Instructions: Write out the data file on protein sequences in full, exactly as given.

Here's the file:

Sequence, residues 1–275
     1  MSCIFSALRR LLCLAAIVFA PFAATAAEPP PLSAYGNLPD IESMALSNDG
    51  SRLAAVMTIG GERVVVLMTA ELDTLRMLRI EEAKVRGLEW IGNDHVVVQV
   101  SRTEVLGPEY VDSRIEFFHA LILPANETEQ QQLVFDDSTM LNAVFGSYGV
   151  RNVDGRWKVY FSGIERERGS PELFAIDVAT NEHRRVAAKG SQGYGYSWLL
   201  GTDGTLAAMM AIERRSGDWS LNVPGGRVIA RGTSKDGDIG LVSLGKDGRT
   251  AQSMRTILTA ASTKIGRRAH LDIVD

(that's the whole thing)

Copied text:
Sequence, residues 1–275
     1  MSCIFSALRR LLCLAAIVFA PFAATAAEPP PLSAYGNLPD IESMALSNDG
    51  SRLAAVMTIG GERVVVLMTA ELDTLRMLRI EEAKVRGLEW IGNDHVVVQV
   101  SRTEVLGPEY VDSRIEFFHA LILPANETEQ QQLVFDDSTM LNAVFGSYGV
   151  RNVDGRWKVY FSGIERERGS PELFAIDVAT NEHRRVAAKG SQGYGYSWLL
   201  GTDGTLAAMM AIERRSGDWS LNVPGGRVIA RGTSKDGDIG LVSLGKDGRT
   251  AQSMRTILTA ASTKIGRRAH LDIVD